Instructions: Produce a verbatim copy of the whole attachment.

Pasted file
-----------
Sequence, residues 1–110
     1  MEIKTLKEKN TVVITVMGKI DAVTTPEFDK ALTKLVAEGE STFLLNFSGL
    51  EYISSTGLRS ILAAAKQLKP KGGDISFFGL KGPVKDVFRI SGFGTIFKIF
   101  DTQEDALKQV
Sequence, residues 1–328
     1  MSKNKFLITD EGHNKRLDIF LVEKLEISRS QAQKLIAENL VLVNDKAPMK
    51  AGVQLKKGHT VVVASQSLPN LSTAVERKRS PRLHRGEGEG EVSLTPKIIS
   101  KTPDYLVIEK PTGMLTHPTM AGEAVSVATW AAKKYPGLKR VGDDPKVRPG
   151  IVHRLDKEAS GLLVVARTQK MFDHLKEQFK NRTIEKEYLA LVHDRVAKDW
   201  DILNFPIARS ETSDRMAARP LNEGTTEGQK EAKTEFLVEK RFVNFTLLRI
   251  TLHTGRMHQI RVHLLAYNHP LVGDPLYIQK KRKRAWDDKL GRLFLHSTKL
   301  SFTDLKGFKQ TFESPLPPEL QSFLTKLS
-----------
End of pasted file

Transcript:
Sequence, residues 1–110
     1  MEIKTLKEKN TVVITVMGKI DAVTTPEFDK ALTKLVAEGE STFLLNFSGL
    51  EYISSTGLRS ILAAAKQLKP KGGDISFFGL KGPVKDVFRI SGFGTIFKIF
   101  DTQEDALKQV
Sequence, residues 1–328
     1  MSKNKFLITD EGHNKRLDIF LVEKLEISRS QAQKLIAENL VLVNDKAPMK
    51  AGVQLKKGHT VVVASQSLPN LSTAVERKRS PRLHRGEGEG EVSLTPKIIS
   101  KTPDYLVIEK PTGMLTHPTM AGEAVSVATW AAKKYPGLKR VGDDPKVRPG
   151  IVHRLDKEAS GLLVVARTQK MFDHLKEQFK NRTIEKEYLA LVHDRVAKDW
   201  DILNFPIARS ETSDRMAARP LNEGTTEGQK EAKTEFLVEK RFVNFTLLRI
   251  TLHTGRMHQI RVHLLAYNHP LVGDPLYIQK KRKRAWDDKL GRLFLHSTKL
   301  SFTDLKGFKQ TFESPLPPEL QSFLTKLS